The degree of difficulty and expense of conducting tests are important factors in determining the reasonableness of a government test. For example, dimensional defects, discoverable by measurement, are commonly held not latent. Appeal of Platt Mfg. Co., ASBCA No. 19906, 76-2 BCA ¶ 12016 (citing Jo-Bar Manufacturing Corp., ASBCA 18292, 73-2 BCA ¶ 10,353, mot. for reconsid. denied, 74-1 BCA ¶ 10,392 (1973) (cylinder assemblies did not conform to dimensions)). However, the number and type of inspections necessary to discover such defects may not be reasonable under the circumstances. In Kaminer Construction Corp. v. United States, 203 Ct. Cl. 182, 488 F.2d 980 (1973) the court upheld the board’s finding that sixteen undersized bolts in a 11,967 bolt structure, constituted a latent defect. Although the defects could have been easily discovered by a torque wrench inspection which was specified in the contract, the board determined that a simple visual inspection was reasonable under the circumstances and that the undersized bolts could not have been discovered thereby. See also Triple “A” Machine Shop, Inc., ASBCA 16844, 73-1 BCA ¶ 9826 (1972) (defects hidden from sight inside sealed units were latent since a reasonable test did not include opening the units). Compare Cross Aero Corp., ASBCA 14801, 71-2 BCA ¶ 9075 (1971) where the board found that dimensional nonconformities in 385 pins were patent defects since a 100% inspection or a random sample inspection could have led to their discovery. Although the court in Kaminer found that the defects in question were not discoverable, many defects are discoverable by a visual inspection. Since a visual inspection is in most circumstances considered reasonable, such defects would, therefore, be patent. See, e.g., Royson Engineering Co., ASBCA 15438, 73-2 BCA ¶ 10,229 (1973) (presence of .30 carbon steel instead of .40 was a patent defect since a simple visual examination of certifications on end fittings would have revealed this); Harold Bailey Painting Co., ASBCA 28443, 84-1 BCA ¶ 17,043 (1983) (loose boards, lack of featheredging and improperly driven nails were readily discoverable and therefore not latent defects).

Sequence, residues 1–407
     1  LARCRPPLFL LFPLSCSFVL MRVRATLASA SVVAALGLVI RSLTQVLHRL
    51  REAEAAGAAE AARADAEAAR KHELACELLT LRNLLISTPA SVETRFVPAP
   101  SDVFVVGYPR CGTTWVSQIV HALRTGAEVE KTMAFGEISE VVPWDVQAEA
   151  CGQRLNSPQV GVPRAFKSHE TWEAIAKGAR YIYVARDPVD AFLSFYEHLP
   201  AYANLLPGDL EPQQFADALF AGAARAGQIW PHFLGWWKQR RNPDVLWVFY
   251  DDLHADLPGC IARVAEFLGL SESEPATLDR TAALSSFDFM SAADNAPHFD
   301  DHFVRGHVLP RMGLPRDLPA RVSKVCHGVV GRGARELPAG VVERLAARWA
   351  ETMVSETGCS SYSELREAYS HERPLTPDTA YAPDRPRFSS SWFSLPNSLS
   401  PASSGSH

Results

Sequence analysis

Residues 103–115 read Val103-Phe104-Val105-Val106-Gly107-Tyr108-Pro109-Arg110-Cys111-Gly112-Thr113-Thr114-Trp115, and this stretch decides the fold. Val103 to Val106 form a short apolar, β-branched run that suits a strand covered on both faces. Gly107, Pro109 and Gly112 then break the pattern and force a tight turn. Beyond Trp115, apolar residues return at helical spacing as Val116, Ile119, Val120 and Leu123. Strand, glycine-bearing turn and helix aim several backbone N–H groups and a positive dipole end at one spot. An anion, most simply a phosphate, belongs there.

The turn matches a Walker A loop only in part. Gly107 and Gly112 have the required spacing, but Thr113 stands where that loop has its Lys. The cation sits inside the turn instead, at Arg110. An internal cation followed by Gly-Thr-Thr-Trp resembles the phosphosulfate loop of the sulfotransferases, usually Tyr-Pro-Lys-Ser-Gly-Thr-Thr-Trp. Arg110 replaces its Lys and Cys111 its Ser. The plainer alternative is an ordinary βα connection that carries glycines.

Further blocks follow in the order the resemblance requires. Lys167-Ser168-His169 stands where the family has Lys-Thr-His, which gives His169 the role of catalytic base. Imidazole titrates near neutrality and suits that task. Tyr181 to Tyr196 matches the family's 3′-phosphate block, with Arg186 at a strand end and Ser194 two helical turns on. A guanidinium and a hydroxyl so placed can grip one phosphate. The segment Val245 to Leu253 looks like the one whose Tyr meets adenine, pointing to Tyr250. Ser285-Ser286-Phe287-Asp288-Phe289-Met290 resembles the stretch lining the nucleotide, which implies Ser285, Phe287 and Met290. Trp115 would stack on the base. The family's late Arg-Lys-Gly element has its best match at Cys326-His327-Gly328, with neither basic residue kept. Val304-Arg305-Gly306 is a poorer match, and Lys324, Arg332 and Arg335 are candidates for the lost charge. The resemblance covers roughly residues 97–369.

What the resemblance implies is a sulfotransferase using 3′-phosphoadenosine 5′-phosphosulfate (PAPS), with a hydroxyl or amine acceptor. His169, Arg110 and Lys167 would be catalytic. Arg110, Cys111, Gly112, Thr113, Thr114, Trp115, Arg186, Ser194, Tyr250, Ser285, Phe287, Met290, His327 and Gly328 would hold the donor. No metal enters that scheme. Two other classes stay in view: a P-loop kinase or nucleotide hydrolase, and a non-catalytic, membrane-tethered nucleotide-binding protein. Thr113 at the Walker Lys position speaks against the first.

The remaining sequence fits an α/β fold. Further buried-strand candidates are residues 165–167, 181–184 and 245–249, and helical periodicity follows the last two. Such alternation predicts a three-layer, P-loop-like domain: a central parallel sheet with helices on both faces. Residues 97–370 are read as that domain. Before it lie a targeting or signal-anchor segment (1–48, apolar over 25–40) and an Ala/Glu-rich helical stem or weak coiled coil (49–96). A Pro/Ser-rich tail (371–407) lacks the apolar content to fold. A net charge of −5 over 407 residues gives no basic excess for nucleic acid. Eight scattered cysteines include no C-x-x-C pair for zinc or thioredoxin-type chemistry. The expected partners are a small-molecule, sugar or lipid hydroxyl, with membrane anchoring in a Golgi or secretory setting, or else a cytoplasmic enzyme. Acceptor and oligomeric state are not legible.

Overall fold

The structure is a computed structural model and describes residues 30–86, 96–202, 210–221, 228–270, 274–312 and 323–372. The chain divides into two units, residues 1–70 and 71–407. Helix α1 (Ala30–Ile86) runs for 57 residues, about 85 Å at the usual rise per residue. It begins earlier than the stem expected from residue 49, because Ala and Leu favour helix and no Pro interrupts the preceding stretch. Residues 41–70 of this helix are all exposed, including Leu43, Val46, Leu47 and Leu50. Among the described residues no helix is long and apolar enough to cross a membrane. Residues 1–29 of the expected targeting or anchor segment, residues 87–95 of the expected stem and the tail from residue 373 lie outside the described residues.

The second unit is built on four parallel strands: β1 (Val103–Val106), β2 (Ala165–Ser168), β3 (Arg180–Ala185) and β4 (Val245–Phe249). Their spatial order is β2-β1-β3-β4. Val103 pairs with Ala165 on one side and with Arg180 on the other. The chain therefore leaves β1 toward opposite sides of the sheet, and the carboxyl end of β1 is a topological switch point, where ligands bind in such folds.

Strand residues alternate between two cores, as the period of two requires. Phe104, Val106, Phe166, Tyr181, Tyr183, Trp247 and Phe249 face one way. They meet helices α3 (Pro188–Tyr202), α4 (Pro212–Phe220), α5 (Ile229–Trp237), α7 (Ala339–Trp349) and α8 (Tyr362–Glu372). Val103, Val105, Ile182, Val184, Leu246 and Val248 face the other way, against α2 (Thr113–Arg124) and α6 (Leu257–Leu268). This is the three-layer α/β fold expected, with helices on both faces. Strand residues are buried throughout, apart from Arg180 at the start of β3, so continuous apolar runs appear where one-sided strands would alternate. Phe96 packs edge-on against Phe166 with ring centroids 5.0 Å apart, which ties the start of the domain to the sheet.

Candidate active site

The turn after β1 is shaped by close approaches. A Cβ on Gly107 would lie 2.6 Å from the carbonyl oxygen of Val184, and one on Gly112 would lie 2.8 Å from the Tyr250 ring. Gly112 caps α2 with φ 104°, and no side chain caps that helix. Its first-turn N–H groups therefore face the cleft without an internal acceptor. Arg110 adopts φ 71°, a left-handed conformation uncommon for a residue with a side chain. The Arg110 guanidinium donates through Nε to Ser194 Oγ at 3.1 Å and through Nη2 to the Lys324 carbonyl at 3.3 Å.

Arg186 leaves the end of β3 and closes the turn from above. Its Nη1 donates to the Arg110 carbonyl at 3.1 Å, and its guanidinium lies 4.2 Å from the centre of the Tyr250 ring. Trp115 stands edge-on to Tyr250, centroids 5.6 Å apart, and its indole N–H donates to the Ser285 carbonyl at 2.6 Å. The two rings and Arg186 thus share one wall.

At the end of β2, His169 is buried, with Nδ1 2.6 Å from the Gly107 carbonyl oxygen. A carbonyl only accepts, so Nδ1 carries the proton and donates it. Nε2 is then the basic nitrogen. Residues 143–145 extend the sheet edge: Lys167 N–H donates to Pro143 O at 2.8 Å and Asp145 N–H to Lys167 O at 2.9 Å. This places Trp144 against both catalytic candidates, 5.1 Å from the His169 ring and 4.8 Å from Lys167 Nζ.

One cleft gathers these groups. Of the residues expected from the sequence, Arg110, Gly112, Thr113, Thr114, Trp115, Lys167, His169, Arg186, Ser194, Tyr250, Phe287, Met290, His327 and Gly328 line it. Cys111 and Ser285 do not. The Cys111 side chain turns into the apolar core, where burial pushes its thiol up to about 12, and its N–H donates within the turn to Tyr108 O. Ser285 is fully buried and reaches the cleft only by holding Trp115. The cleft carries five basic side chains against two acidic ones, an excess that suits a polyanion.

The availability of test facilities has also been a consideration in determining whether a test could reasonably have been made. See Herley Industries, Inc., ASBCA 13727, 71-1 BCA ¶ 8888 (1971) where a defect in the composition of metal was found to be patent because the government had a readily available laboratory which conducted metal analyses. Compare Jung Ah Industrial Co., ASBCA 22632, 79-1 BCA ¶ 13,643 (1978), mot. for reconsid. denied, 79-2 BCA ¶ 13,916 (1979), where the board found a defect to be latent in spite of the fact that there was a testing facility available to determine whether wall paneling was “incombustible treated.” The board concluded that the government had acted reasonably in not submitting the material to this testing facility since the contractor stated on the invoice and made oral assurances that the material met the requirement.